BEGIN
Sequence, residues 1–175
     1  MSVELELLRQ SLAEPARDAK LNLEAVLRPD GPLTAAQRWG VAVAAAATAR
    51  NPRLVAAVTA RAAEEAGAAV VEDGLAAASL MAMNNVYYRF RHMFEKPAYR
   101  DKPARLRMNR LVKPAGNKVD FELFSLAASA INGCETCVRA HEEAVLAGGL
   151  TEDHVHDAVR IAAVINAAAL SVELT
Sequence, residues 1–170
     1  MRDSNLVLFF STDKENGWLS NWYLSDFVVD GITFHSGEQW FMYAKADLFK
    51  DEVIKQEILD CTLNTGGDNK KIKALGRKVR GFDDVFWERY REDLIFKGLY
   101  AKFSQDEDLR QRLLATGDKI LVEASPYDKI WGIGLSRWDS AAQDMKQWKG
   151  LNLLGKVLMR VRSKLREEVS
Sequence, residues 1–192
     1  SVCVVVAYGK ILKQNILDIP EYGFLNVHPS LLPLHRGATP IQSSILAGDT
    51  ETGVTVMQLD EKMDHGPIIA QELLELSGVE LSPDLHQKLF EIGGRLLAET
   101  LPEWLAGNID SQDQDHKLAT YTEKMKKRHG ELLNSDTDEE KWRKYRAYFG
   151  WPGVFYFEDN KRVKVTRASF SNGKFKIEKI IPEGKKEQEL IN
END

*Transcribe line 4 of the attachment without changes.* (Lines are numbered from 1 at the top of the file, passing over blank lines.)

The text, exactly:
   101  DKPARLRMNR LVKPAGNKVD FELFSLAASA INGCETCVRA HEEAVLAGGL